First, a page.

52km from Sevilla
It was an incredibly difficult day. I struggled almost the whole way and hit a wall barely halfway into the walk. I had expected a nice, easy walk since it was 5-6km shorter than the day before, but it was all uphill and a through-hike to the next part of civilisation, meaning no tea or snack breaks. On the Camino it’s not unusual to eat up to six times a day; truly, it’s one of my favourite parts of long-distance walking.
It was a beautiful route though. A golden sunrise, trails through open countryside, through paddocks and olive groves and surrounded by the most glorious wildflowers. After having to take so many breaks, I made it to the albergue around 2.30 pm, somehow not that much later than the time I’d aimed for even though it all felt awful and so slow. Plus, it didn't rain and thunder until after I’d washed up, relaxed somewhat and got to the nearby restaurant for a late lunch :)
Strangely, there weren’t any tables when I got to the restaurant. I think I realised later on that it had been Mother’s Day, so every family was out to eat - even in this middle-of-nowhere quiet village. Luckily they gave me a little space at the bar and I gratefully sat down to rest my aching feet while it pissed down outside.
The albergue this time was quite unusual since it was based inside a school. I sat down and chatted with the hospitalero after lunch for a bit - in this case, he was a volunteer who had just recently arrived. At this point I was considering doing a series of portraits of the hospitaleros across the trek, so took a few portraits and went on about my evening.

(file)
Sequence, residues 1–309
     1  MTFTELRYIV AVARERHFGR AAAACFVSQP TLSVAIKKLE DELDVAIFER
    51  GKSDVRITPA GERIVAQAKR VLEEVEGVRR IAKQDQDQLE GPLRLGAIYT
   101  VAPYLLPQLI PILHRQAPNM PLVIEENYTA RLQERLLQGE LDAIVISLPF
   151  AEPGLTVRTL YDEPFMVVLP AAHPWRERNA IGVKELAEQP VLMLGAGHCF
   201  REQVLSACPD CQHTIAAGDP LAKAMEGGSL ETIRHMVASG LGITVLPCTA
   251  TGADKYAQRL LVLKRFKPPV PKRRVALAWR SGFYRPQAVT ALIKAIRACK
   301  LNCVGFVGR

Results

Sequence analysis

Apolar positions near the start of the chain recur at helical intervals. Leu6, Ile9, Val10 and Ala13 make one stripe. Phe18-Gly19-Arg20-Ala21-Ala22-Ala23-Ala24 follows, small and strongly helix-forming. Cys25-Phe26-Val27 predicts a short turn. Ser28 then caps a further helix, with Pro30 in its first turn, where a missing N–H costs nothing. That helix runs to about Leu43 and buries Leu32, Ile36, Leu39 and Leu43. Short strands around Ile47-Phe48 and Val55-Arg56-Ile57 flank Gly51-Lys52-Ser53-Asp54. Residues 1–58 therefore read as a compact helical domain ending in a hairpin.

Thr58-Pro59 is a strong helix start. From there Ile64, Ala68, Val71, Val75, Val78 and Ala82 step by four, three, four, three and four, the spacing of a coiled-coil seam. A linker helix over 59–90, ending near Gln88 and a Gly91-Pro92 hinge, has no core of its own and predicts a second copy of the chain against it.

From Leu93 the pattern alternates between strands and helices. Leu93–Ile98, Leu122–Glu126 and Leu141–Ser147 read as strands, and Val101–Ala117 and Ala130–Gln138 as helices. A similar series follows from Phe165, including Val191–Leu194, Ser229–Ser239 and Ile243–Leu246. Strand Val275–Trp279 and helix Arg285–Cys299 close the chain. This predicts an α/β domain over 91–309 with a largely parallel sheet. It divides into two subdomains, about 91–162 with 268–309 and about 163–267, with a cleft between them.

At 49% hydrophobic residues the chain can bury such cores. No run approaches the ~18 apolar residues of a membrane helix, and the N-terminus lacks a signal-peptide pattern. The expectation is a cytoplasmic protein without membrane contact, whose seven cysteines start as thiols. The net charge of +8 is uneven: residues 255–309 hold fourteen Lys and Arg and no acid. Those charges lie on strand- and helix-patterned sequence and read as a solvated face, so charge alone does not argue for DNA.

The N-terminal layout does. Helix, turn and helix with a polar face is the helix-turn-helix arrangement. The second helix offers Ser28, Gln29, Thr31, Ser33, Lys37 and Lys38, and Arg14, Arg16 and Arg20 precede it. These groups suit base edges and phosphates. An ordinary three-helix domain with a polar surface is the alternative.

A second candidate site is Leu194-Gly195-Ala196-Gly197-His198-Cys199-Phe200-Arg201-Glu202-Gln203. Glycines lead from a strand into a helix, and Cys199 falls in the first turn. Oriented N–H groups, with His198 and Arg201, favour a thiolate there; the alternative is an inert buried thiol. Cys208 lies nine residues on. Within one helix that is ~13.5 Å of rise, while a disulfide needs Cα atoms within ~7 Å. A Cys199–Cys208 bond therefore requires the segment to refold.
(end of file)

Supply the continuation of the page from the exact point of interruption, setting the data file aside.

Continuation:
Sadly the clothes I’d put out to dry over lunch had since been washed again in the rain, but the sun was out once again full force. I left everything to dry and took myself out onto the balcony to recover in the sun from the day’s short yet heavy trek.
I must’ve been super tired that evening since I didn’t write very much and completely skipped over the wonderful community dinner I was invited to. I was still sitting outside when a few walkers, who’d made friends already by the looks of it, prepared a group dinner including wine (a Camino essential... as the saying goes, “no vino, no Camino”), and invited the few of us who were outside to eat and drink and sit at the table. A wonderful moment of friendship, temporary but meaningful, moments that would come to pass many, many times on the trail. This, for me, is one of the most important elements of the Camino.
I went to sleep a bit anxious about the next day’s 29km, well-documented steep hill at the end of the trail, and potential storm. All the fun stuff!
Signing off until next time,
I dropped off a postcard to my mum for mother’s day, which annoyingly never actually arrived. The one letter I’ve written in literally years and it’s out there somewhere, floating in the ether.
A lil snack break friend
A bit broken and too many KM left to go
I’m a freelance portraiture and documentary photographer based in London. I enjoy telling stories about adventure, the outdoors, and our relationship with the natural world.
In this newsletter, I’m digitally retracing my steps on the Camino de Santiago. From March to May 2019, over 45 days, I walked over 900km along the Via de la Plata (the Silver Way) route of the Camino de Santiago pilgrimage in Spain.
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